Personal Reflection: Empathy In The Workplace

Posted March 16th, 2021 in Corporate Culture, Personal, The Human Element | Leave a comment

Just before I chaired a Board meeting last year, I spent a frustratingly painful hour going through many of the uncomfortable details of my divorce process and a set of emotional custody issues with my lawyers. Immediately after hanging up, with only minutes of transition, I put on my best poker face and dropped into the Board zoom with one of my portfolio companies. With a smile and some attempt at humor, I kicked off the meeting. I chaired it fine, I think, but throughout the meeting my head was rattling around with angst, disappointment, frustration, and all the other negative energy that many divorces are bathed in. I’m sure it affected my engagement in this instance, and in many others with similar dynamics for the past couple years. And my blogging has suffered. Life isn’t always easy, and divorces are emotional rollercoasters.

I’m also sure that I’m not alone in trying to bury the deep emotions encompassing my life’s dramas behind a façade of normalcy in the workplace. It’s especially true during the COVID pandemic world of Zoom’s… hiding behind the smile and behind the screen. I’m certainly guilty of sometimes turning off the video feed during a meeting just for downtime.

I’m confident that at any given moment many of the people around us are dealing with some seriously distracting personal drama or concern in their lives, and all of us face these issues at some point in time. This means our office environments often have several team members with deep emotional issues they are wrestling down, hidden by their current “I’m at work” façades.

Beyond family issues, a big emotional drain can frequently also be health issues. These are something everyone faces at some point, either for themselves or loved ones dealing with something scary, or a mental health concern. We’ve all had friends and colleagues that have faced cancer themselves or in their family; I lost a good friend and neighbor to lung cancer last fall. Suicides and self-destructive behaviors are a quiet epidemic right now, especially for young people in this socially-distant era, and many of us know colleagues working through these issues in their families.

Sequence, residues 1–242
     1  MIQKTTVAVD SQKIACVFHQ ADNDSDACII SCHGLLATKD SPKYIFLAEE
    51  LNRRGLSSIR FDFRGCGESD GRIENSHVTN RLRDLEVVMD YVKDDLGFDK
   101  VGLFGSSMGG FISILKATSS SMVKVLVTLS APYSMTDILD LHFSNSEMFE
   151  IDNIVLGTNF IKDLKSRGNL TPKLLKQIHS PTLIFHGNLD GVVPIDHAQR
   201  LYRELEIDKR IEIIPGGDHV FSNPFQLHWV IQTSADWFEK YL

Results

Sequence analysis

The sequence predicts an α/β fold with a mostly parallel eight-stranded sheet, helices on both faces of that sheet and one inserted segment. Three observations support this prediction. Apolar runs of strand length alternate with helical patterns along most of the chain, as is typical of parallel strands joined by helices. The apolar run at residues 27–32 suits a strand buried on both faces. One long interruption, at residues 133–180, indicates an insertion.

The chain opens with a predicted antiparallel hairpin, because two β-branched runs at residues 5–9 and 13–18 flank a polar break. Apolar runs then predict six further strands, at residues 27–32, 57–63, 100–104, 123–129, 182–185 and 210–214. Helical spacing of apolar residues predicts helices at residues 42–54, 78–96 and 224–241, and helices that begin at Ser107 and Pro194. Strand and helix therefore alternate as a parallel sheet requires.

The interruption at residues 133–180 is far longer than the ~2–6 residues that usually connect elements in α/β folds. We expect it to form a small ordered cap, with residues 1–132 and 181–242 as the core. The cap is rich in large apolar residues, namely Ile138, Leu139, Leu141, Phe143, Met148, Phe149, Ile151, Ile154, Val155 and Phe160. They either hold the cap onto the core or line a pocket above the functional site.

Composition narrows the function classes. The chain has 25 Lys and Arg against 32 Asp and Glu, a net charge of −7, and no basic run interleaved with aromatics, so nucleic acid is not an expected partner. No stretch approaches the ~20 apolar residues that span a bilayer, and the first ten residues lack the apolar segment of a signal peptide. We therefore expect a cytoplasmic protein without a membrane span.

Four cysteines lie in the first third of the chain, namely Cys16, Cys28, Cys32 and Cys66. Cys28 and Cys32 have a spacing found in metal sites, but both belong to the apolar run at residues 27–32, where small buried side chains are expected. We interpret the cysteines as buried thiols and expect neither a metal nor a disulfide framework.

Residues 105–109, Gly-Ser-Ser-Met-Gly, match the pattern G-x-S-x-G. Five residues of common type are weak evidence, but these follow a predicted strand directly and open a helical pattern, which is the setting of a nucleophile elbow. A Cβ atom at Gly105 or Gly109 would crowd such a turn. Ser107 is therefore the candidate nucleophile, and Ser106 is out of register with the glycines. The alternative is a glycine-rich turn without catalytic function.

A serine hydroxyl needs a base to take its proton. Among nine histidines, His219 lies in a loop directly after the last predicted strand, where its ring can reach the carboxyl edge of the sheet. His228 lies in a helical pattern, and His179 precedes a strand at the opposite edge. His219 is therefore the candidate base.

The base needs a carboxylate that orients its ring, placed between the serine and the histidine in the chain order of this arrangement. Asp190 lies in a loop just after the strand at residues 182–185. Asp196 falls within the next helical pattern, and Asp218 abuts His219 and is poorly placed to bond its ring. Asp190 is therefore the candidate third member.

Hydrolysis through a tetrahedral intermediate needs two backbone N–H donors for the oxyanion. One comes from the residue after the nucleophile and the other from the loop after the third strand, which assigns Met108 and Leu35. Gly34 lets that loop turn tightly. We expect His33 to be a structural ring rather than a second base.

The emotional, medical, and behavioral battles that often remain largely hidden under the surface, inside ourselves and our colleagues, are in many ways what make us human – both the good and the bad. We all hope to embrace the former, taking on life’s challenge and emotionally processing it with a growth mindset. But the latter is, frankly, more often the case, and was for me on occasion: being human can mean being frazzled, short-fused, quick to judge, dyspeptic, and volatile – all very suboptimal attributes in the workplace.

My divorce is now finalized, thankfully, and we’re working on amicably raising our three teenagers as co-parents, but the whole process has piqued my deep interest in emotional resilience in the workplace and “the stuff you don’t see” from your colleagues at the office. I often wondered, in hallways and meetings, when I saw a face that looked like something big was lurking under the surface: are they dealing with some big personal issue? Is that what my face looks like to others? The reassuring glance or gesture of understanding – of empathy – often went a long way for me in those moments.

Stepping back more broadly, this experience has reinforced for me the critical role of empathetic leadership in creating a positive corporate culture of connectedness that helps mitigate the negative impact of life’s ubiquitous emotional traumas.

Here are some observations on empathy and its role in the workplace, framed as suggestions for improving one’s emotional intelligence.

Show you are emotionally accessible. 

Being emotional at work isn’t a bad thing at all; it shows a passion and humanity that’s the essence of who we are. In fact, being in touch with your own deeper emotions, and conveying them in a professional way, is often the key to unlocking relationships. I’ve cried at work before, and that’s ok.

Being emotionally accessible to others opens doors, e.g., “Bruce shared XYZ with me, so I feel more comfortable sharing with him…” I’ve had portfolio CEOs share scary but very private teenage drama with me when they knew I was dealing with the same, and it helped; I’ve paid that favor that forward with others. Others would sense my angst about the divorce process, inquiring about my kids and how they were coping with the separation – only to open up that they too have parenting or family issues of their own. For many of my professional colleagues, we’ve come out of this process far stronger in our relationship because of the shared moments of emotional accessibility and candor.

Being caring and considerate, and grounded in the understanding that we all face challenges, is the key to empathy in the workplace (and beyond).

Give the benefit of the doubt.  

When I got short with my Atlas partners (more than once) in the past couple years, they largely gave me the benefit of the doubt. They empathized with where I was in my journey, knew I was likely emotionally fatigued, and in most cases gave me a pass. That’s not the same as just accepting bad form or excusing inappropriate tone, but it’s an acknowledgement that life is complicated. And this acknowledgement of fallibility, and simultaneous forgiveness, creates a culture of empathy that greatly strengthens the core of a firm.